Q: Jo Rowling said that she thought you were the actor she had in mind for Hagrid. Having seen your performance in these films –

-she changed her mind, didn’t she? Taxi!


Q: Would you say your performance is influencing the direction Hagrid’s taking in the books at all?

Oh I wouldn’t say that, no, not at all. Jo says she’s go the plots for all the books in a vault in the Bank of Scotland, in Edinburgh. Which is where I keep my money by the way so I hope it’s secure. And I think she has known for ages, it’s just a matter of getting around to making that convincing, I guess. That must be absolutely, I can’t – that must be like being Dickens, you know, that whole world expands when a new book comes out. It’s absolutely terrifying to sit down and actually start it. Even if you know what’s going to happen, do you know what I mean?

Q: In the first film I remember you telling us that Daniel changed your cell phone to Turkish.

That’s right.

Have the cranks gotten a little more sophisticated?

No, no, the jokes are a bit worse now. He’s, uh, I think he’s got a hankering to be a comedian, Dan. He keeps telling me jokes that, he goes, “You’re really going to hate this one, okay,” then he tests me. If I haven’t seen him for a while he gives me 40 jokes.

Q: What kind of scripts are you getting these days? Fantasy driven scripts?

No, I get the same stuff as I did before but the price tag’s much higher. Because you know Hollywood, you know, “What did your last picture make?” and I just turn around to a billboard and go “Be very afraid.”

Q: Is there anything you’re looking for?

Well I’ve written a script which … I’m trying to direct it myself which is always difficult.

Q: What is it?

It’s a thriller, set in the west of Scotland. It involves all sorts of weird and wonderful things. Corrupt oil companies, genetically modified food, love, romance and death.

TLC: Will you be in it?

I might be in it. Someone much younger and prettier I think will be in it.

Q: How long did it take you to write it?

The one I’m working on? I’ve been working on it for about five years.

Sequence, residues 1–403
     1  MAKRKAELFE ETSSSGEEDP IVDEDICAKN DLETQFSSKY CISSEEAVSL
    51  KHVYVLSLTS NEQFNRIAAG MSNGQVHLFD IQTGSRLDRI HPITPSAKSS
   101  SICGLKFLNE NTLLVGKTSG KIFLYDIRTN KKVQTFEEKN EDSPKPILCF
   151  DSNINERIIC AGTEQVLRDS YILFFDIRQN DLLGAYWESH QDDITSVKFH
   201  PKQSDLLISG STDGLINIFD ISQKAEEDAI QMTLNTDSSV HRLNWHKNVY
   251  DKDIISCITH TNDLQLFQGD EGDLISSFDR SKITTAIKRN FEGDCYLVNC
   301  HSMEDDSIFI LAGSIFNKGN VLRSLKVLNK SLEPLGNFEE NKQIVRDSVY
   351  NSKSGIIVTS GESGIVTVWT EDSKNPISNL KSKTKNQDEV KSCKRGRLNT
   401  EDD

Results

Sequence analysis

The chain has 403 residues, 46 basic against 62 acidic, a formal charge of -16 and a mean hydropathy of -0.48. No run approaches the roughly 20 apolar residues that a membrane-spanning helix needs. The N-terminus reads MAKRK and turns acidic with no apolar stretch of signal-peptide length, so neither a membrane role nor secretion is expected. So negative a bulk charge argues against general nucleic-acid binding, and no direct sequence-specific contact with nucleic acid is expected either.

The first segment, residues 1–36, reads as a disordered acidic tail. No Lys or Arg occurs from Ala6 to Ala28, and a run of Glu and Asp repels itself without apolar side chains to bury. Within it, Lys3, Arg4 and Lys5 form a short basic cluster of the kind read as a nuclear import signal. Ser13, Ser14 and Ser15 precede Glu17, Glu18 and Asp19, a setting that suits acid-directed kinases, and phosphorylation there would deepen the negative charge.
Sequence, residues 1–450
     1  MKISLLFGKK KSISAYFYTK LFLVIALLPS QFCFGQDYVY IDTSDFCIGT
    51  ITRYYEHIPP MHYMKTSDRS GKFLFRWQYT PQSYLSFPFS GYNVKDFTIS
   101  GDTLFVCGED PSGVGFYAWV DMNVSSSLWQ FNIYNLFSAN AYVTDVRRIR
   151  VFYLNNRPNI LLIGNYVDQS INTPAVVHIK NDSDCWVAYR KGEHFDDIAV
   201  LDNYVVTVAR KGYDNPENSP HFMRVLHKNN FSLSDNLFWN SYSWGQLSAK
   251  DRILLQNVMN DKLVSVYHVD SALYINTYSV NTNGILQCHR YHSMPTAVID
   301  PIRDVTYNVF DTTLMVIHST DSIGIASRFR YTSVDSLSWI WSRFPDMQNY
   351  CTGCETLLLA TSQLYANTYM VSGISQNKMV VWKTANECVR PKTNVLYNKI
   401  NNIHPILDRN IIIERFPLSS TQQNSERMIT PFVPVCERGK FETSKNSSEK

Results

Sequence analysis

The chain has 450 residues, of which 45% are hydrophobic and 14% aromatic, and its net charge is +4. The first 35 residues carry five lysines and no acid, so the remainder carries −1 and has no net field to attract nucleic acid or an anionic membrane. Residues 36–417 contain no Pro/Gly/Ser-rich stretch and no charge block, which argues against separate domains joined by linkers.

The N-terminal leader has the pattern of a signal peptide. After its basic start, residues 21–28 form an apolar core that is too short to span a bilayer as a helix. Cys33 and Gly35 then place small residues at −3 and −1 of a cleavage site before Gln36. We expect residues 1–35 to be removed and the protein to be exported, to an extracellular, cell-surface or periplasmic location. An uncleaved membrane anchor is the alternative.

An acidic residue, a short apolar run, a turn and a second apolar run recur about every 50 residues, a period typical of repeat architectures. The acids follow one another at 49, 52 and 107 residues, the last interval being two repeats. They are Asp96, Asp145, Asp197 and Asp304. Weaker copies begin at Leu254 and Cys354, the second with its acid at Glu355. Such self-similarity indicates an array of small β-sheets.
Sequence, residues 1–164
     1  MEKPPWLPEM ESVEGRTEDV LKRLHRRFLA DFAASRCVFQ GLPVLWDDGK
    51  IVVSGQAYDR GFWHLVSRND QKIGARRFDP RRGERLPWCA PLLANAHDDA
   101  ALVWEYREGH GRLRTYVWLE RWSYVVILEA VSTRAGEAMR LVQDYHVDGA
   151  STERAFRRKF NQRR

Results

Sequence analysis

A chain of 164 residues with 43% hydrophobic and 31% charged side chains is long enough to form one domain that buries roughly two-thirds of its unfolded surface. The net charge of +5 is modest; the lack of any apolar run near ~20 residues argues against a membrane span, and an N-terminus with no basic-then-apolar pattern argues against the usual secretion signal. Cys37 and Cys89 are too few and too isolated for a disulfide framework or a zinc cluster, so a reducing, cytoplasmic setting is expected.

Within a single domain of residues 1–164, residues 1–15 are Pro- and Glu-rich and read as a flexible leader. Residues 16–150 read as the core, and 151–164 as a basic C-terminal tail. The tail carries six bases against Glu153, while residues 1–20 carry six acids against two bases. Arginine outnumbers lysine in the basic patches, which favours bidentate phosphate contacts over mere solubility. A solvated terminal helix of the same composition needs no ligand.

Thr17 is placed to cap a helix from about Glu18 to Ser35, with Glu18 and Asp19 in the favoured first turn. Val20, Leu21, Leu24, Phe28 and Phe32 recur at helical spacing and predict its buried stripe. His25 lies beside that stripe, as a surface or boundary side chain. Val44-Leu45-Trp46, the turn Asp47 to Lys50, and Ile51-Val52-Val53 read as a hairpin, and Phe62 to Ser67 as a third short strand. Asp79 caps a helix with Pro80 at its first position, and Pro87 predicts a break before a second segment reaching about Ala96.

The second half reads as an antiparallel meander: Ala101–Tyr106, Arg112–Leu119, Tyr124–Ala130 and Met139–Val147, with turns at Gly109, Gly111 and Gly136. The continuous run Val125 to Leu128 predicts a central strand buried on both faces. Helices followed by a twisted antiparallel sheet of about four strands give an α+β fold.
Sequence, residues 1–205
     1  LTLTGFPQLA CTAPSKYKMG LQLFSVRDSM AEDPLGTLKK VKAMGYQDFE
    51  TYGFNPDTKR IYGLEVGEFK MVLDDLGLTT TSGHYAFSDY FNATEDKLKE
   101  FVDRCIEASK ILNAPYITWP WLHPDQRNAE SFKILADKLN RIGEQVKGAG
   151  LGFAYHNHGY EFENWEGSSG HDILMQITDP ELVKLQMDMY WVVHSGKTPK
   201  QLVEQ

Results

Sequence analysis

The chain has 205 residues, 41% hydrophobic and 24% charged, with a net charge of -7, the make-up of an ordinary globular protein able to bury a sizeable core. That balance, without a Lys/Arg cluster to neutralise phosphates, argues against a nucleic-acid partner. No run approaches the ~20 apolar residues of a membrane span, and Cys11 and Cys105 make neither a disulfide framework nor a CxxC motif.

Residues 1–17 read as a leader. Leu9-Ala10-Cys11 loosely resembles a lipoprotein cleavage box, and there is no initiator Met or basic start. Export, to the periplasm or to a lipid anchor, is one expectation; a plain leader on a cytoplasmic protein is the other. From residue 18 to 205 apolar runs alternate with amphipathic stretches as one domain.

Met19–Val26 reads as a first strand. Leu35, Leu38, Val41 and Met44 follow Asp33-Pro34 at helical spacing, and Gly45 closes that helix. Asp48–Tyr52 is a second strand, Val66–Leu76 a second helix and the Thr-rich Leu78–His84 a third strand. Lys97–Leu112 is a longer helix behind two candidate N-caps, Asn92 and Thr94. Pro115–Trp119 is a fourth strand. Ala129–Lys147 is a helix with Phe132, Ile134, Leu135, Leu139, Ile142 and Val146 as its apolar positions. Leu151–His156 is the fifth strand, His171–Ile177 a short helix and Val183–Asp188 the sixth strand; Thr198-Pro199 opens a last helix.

TLC: Title?

I haven’t got a title yet.

TLC: What is it like for you, playing a character who is still a mystery to so many people? He hasn’t been fully discovered yet – it’s not like we’re reading Lord of the Rings where we can go back and find out what’s happened to these characters.

Yeah, I know what you mean because the backgrounds in Lord of the Rings are all explained.

TLC: It’s all there.

Yeah. I mean, how old is Hagrid, 400 years old, something like that?

TLC: He’s about 60, 60 or 70.


TLC: Hagrid?


TLC: He’s 60 or 70. [Giving him a “trust me on this” look while the others are giving him a “trust her on this” look.]

Is he? Oh that’s right just checking. Uhoh, worrying [as in, “You’re scary, Potter girl.” (Laughter)]. Is he 70? Oh that’s right, because he was at school with the uh –

TLC: McGonagall.

Yeah and whatshisname, who turned back, the one who really did let the, let the beastie out, what’s his name?

TLC: Tom Riddle.

Tom Riddle. Just checking. And the catering on the first film was?


TLC: No, that you have to tell us.

Q: How as the shooting in Scotland?

Heaven really, because I could drive to work. They were very unlucky, because if anyone said to me, “When would you film in Scotland?” I’d always say May, May’s always the best month. In April it usually rains. But April was absolutely beautiful and May it rained, so there it goes.

Q: Are you going to do other James Bond movies?

If I’m asked, of course. Well, I mean, I would have to play TK again, really, I don’t think they, unless I could change my appearance but it’s a bit late for that yet. Yeah I’d love to, it’s great fun doing both movies.

Finding Hogwarts

The Leaky Cauldron is not associated with J.K. Rowling, Warner Bros., or any of the individuals or companies associated with producing and publishing Harry Potter books and films.